Agreeable to your request I have sent you the last weekly Returns of battalion together with a return of Deserters, & the counties from, with the numbers rec'd by the Officers present. Captain Doherty will call on Col. Lanier for the number received in the Salisbury District and then will make a return of the whole. The others will do when copied to send to the different Counties. You will see by the within order inclosed, what became of the last stores that came up to us. Our sick are in a very good way and recovering, there is nothing more in camp than when you left us.
The enemy lies seven miles from Monks Corner. It is said by deserters they are preparing for the evacuation of Charlestown, but this wholly depends on the fate of Lord Cornwallis.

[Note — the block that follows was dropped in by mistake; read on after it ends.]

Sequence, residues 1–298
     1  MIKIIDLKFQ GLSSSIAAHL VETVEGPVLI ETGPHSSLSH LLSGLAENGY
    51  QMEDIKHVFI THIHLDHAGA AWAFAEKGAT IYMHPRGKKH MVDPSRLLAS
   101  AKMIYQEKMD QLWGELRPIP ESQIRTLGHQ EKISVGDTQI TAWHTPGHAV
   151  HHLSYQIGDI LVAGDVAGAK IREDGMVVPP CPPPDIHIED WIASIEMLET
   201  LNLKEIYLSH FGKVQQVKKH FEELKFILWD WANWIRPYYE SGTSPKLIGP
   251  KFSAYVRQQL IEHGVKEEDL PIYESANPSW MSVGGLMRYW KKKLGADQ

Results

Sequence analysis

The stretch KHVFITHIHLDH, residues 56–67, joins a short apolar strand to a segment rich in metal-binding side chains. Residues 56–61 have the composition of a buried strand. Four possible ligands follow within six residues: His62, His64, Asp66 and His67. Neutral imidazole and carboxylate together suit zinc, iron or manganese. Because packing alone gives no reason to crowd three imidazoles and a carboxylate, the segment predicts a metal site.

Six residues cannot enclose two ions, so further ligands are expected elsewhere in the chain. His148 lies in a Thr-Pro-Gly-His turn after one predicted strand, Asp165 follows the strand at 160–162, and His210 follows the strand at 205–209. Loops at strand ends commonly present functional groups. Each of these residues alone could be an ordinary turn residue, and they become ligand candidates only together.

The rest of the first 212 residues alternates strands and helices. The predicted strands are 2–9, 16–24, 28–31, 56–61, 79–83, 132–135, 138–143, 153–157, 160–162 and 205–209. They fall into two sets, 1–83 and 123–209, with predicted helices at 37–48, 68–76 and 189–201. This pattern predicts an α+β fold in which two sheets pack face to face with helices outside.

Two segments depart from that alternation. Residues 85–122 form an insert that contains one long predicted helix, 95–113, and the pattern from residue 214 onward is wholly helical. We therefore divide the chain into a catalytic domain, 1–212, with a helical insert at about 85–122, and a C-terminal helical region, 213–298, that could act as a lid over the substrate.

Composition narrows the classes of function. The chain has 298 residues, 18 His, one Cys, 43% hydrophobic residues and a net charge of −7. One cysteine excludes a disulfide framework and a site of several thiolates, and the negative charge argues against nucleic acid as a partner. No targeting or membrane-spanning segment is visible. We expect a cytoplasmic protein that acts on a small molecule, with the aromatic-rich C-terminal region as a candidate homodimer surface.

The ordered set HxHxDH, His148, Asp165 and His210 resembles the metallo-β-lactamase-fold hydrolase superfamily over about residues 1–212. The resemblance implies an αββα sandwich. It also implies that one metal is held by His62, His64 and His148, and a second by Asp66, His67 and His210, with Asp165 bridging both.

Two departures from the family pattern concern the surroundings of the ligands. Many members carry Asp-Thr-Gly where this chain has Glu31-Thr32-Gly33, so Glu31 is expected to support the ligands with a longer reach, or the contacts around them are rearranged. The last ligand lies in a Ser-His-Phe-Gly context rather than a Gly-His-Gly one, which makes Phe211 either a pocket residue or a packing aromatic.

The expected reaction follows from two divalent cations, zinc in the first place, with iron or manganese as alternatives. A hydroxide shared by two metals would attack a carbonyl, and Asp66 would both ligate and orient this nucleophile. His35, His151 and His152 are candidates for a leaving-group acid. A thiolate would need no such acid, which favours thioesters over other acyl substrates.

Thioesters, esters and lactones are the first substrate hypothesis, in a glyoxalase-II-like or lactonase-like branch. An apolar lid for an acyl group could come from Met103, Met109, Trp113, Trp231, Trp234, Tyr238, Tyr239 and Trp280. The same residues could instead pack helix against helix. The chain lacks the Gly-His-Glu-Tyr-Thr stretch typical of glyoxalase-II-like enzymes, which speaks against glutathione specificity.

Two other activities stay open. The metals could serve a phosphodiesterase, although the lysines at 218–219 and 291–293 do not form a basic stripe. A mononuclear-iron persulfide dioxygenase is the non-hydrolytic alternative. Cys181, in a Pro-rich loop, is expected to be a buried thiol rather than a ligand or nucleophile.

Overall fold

Gen. Greene very cheerfully gave leave to Captain Doherty to wait on the Assembly with the remonstrance of the Officers of our State now in the Southern Army. I am sorry we are drove to that, to trouble the Honourable Assembly, but necessity hath no Law. I am certain that if some supplies of cloathing does not come to us, that some will be under the disagreeable necessity of applying for leave of absence until they can be furnished some other way. Dear General you are not a stranger to our sufferings, we have our eyes upon you as our support in time of need. I think the officers now in the service from our State, must be men of the greatest fortitude & forbearance in the world, they serve without pay, cloathing, or any regular supplies, of the necessaries allowed them, except Beef and Bread which is allowed to the worst Tory Prisoner in our Provost Guard. I mean not to throw any Reflections on our State; but proper measures have not been taken to secure to us what small